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Chinese Is Not a Backward Language

Foreign Policy Magazine – Tom Mullaney

“Even in the age of China’s social media boom, with billion-dollar valuations for Beijing-based IT start-ups, prejudice against the Chinese language is alive and well. One would be forgiven for thinking that by 2016, the 20th century’s widespread critiques of racism, colonialism, and Social Darwinism would have sounded the death knell of 19th-century Orientalism, which viewed China and the Chinese language through a condescending, colonialist lens. At the least, one might hope that if notions of Chinese Otherness were still with us, those who carry on the tradition of these threadbare ideas would generally be seen as archaically Eurocentric and gauche — the dross of airport bookshop paperbacks, unworthy of serious engagement. If only. Nineteenth-century understandings of China persist, not only surviving the decline of Social Darwinism and race science, but flourishing in this new century, driven primarily by arguments about China’s unfitness for modern technology and media.”(more)

Are paraprofessionals the answer to the nation’s shortage of bilingual teachers?

The Hechinger Report – Kaylan Connally and Kim Dancy

“Nearly one in four students speaks a language other than English at home — but only about one in eight teachers. Bilingual paraprofessionals help narrow the linguistic gulf between students and teachers by assisting with direct translation. They could help close this gap even further by becoming lead teachers themselves. One in five paraprofessionals speaks a non-English language at home — double the share for teachers. Perhaps because of the demands of their jobs, among bilingual Americans, paraprofessionals and teachers are more likely to report speaking English well or very well.”(more)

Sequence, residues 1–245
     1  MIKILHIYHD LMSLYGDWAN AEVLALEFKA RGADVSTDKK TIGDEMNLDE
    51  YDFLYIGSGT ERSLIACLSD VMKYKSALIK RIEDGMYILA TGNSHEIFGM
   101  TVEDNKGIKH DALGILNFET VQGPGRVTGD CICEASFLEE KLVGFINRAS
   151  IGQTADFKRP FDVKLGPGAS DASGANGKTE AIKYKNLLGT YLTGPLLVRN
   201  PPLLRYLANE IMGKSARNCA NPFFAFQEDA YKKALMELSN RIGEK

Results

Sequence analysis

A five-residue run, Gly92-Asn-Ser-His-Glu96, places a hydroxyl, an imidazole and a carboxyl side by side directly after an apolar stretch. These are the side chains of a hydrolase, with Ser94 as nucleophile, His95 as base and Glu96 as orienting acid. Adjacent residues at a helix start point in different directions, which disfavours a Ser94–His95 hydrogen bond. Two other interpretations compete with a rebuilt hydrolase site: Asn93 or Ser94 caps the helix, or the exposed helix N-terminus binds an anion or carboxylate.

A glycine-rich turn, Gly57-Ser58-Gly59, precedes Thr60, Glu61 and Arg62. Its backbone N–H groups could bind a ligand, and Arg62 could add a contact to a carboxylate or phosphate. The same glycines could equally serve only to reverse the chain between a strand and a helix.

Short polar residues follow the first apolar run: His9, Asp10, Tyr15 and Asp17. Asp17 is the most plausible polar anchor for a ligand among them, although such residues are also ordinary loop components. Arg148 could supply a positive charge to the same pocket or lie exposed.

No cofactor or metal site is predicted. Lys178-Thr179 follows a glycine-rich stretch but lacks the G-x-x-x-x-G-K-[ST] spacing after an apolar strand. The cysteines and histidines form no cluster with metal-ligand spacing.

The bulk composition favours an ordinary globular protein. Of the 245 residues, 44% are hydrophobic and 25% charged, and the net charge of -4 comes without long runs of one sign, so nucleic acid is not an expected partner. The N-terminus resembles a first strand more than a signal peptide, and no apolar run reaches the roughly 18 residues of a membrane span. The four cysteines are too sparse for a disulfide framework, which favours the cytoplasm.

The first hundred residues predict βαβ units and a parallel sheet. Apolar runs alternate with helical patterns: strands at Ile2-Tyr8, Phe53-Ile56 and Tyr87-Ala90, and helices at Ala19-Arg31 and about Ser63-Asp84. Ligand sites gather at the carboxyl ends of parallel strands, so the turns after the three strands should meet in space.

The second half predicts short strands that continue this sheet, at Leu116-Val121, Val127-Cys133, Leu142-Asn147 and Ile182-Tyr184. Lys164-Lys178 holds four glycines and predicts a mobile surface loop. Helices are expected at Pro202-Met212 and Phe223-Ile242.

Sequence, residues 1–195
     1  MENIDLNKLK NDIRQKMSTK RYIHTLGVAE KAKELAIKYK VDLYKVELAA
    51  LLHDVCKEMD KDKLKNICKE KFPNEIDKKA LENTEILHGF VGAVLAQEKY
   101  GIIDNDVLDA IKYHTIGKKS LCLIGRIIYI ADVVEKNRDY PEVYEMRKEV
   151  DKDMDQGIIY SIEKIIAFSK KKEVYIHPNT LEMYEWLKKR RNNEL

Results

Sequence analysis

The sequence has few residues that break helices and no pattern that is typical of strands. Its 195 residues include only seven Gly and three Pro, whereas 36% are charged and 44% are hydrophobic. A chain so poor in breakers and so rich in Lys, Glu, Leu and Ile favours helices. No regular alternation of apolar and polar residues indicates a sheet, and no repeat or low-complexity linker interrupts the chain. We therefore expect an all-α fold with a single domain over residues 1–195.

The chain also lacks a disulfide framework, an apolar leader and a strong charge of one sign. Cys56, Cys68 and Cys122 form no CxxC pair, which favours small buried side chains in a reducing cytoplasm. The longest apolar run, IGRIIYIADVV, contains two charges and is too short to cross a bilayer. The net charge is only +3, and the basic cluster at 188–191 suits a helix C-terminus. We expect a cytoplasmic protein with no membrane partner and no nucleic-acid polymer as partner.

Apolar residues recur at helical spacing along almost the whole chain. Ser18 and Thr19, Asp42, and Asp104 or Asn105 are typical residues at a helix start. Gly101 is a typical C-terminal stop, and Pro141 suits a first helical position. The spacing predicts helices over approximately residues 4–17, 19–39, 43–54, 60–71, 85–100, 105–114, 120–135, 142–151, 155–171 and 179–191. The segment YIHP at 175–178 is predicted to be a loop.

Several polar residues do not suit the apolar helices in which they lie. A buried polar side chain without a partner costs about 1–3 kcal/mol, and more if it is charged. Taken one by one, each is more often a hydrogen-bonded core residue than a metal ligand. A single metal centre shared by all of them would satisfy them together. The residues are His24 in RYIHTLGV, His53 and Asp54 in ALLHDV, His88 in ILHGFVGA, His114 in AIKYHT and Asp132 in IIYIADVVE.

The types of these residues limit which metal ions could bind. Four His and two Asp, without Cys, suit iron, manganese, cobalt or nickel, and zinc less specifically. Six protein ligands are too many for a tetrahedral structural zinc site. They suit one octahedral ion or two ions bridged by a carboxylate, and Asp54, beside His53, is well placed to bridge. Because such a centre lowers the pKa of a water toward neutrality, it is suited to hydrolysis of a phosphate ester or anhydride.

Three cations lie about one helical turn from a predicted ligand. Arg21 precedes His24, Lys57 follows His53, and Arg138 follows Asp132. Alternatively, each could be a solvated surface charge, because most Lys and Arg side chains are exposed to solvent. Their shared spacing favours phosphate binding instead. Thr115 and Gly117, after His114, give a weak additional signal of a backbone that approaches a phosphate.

Some people really DO have a flair for languages: Brain patterns predict how quickly someone will learn a foreign tongue

The Daily Mail – Richard Gray

“For some, picking up a foreign language almost comes as second nature while others stumble over the jumble of unfamiliar words and phrases. A study has revealed the secret that may lie behind these differences in the ability to learn a new language – the rhythm of electrical activity in their brain. Scientists at the University of Washington found people who were better at acquiring a second language had higher activity in key parts of their brain when resting than those who struggled.”(more)

Six Ways to Fluency for World-Language Learners

Education Week – Renee A. Foose

“Most of the world’s industrialized nations have national policies that mandate world language instruction in elementary school, according to a white paper issued by the National Foreign Language Center at the University of Maryland. A large body of research posits that world language in the early grades positively impacts intellectual growth, academic achievement, and cultural proficiency. The American Council on the Teaching of Foreign Languages (ACTFL) contends that students learn to think more flexibly, appreciate nuances in language, and sharpen their listening skills as they learn a second language. Young children also expand their capacity for communicating with peers whose primary language is not English, and they develop an appreciation for other cultures. Our elementary school World Language Program has gained accolades from the community because parents understand the many cognitive and social benefits of such a program. Here’s what the world language pathway can look like for students going through our school system.”(more)

Opinion: The importance of international education on global mobility

Human Capital Magazine – Staff Writer

“This is a unique period in world history, which requires exceptional leaders, who can overcome major political, economic and environmental challenges. The perceived stability of historical superpowers is being contested by new political and economic powers and we are facing an age of dynamism in international relations. We can expect more regional collaboration such as ASEAN and Mercosur to develop and more individual countries – India, China, Brazil and soon maybe Indonesia or Nigeria – to play even bigger roles in global politics.”(more)

The key to learning a new skill? Wanting it badly enough

The Guardian – Matthew Youlden

“Imagine I gave you a book full of words, numbers and strange symbols – 150-odd pages of the stuff. Some of the things relate to each other in obvious ways, others not so much. Now suppose I’m going to test you: 50 questions about the contents of that book, how do you think you’d do? Well, if you can drive a car, chances are you’ve already done very well: those of you who passed the theory test recently will have got at least 43 out of 50 questions correct. That’s just one everyday example of the average person’s capacity to learn something that appears complex at first. Despite recently making the questions tougher, the DVLA still reports that the test has a pass rate above 50%.”(more)